The Garden of Europe ,Autumn 2016
This new tree has been planted to replace the one below which was uprooted in the storm of 2014.
Isn’t it beautiful!
Jimmy Hickey; The Early Days
Jimmy Hickey’s dancing teacher was Liam Dineen.
Who was Liam Dineen?
Liam Dineen was born in Ballyduff, the second eldest of eight boys. Both of his parents died when he was very young. He was a keen Irish dancer. In the early 1930s he emigrated to Australia. While there he worked hard but still found time to teach Irish dancing. After four or five years he returned to the family pub in Ballyduff and he set to studying Irish dancing in earnest. His teacher was the great Jerry Molyneaux.
Dineen’s pub became the meeting place for master and pupil and, it seems, the more liquid refreshment that was consumed the more steps that were passed on to the receptive Liam.
Soon the student became the master.
It was to this master in his dancing school in Forge Lane, Listowel that Jimmy Hickey headed out with his sixpence clutched tightly in his fist on that first Saturday. Little did he realise that he was embarking on a course that would change his life.
Liam Dineen was the finest dancing teacher of his day. He loved the dance and he enjoyed teaching. He grew to love his star pupil and he took him to concerts, feiseanna and every traditional gathering they could get to. He entered Jimmy in competitions, local, Munster and All Ireland.
“As a hard task master, he expected me to win. As a good student I obliged!” recalls Jimmy.
Having won several local competitions, it was time for Jimmy to take his place in a national competition. He did this in the O hUigín Cup competition in Ballyheigue. Jimmy went on to win this competition three times, the first time when he was only 15 years old and dancing against senior dancers with much more experience of competition.
The master was justifiably proud of his pupil and Jimmy recalls dancing in every pub in Ballyheigue, Ballyduff and Listowel on the way home. The cup was filled and emptied in every one.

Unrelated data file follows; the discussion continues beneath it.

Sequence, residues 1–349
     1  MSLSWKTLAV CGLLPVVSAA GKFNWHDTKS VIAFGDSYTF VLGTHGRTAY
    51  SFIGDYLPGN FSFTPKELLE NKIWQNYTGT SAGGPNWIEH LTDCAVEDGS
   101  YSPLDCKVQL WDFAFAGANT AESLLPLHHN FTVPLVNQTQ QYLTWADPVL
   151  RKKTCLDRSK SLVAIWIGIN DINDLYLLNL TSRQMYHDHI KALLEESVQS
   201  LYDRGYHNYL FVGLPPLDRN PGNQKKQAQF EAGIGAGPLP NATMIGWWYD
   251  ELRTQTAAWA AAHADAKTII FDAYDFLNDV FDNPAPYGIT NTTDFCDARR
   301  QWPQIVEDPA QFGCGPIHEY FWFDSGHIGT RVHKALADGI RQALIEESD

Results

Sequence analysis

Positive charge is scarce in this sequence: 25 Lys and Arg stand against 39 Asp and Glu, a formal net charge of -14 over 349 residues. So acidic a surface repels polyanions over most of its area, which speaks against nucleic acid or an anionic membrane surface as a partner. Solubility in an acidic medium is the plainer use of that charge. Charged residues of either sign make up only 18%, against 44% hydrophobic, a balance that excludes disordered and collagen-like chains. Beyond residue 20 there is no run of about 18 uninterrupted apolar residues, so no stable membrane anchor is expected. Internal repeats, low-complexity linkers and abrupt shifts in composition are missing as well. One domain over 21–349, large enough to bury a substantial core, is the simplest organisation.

Jimmy comes from a family of shoemakers. He learned the trade from his father and this was the path laid out for him. Jimmy had other ideas. He had to make a choice between shoe repairs and dance teaching. The choice was an easy one.
Dancing has brought Jimmy a lifetime of enjoyment, fun, travel, shows, concerts, competitions, TV appearances and international festivals.
This is Jimmy Hickey’s troupe of musicians and dancers who represented Ireland at the Welsh Eistedfodd in Llangollen.
Back Row; Marion O’Connell, Kathleen McCarthy, Phil O’Connell, Seán Murphy, Mary Murphy R.I.P., Ted Kenny, Kathleen Nola, Mary Doyle, R.I.P., Brina Keane, John Stack, Jean Lynch and Jimmy Hickey
Middle; Dan O’Connell, Philomena McCarthy, Doreen Galvin, Elaine Nolan, Mary Hartnett, Maria O’Donovan, Bob Downey,
Front: Mary Lynch, Trish Lynch and Kate Downey
Humans of Listowel
Today’s humans are friends, Rose (Guiney) Treacy and Colette (Keane) Stack. I interrupted them as they were having a cuppa and a chat in Lizzy’s Little Kitchen
Poem of the Year 2016
This year is the first year that Listowel Writers’ Week is sponsoring a competition at The Bord Gais Book Awards. The short listed poems are all here
Read them and then go to the Bord Gais Book of the Year site and vote for your favourite and you could win €100 in book tokens.
My favourite is Patagonia by Emma McKervey
Emma McKervey is from Co Down and studied at Dartington College of Arts. Her work has been published in Ireland and internationally.
I have read there is a tribe living in the mountains
and lakes of Patagonia who can barely count beyond five,
yet have a language so precise there is a word for;
the curious experience of unexpectedly discovering
something spherical and precious in your mouth,
formed perhaps by grit finding its way into the shellfish
(such as an oyster) you have just eaten.
Or something like that. I identify with this conceptual position.
And as I listen to my children debate on the train
as to which is the greater – googolplex or infinity –
whilst knowing they still struggle with their 4 times table,
I can’t help but reflect that maybe we should be
on a small canoe at great altitude, trailing
our semantic home spun nets behind instead.
Road Works, Upper William Street, October 2016
Settle a Bet
Does anyone know when the one way system was introduced to Listowel, 1980, ’81 or 82′?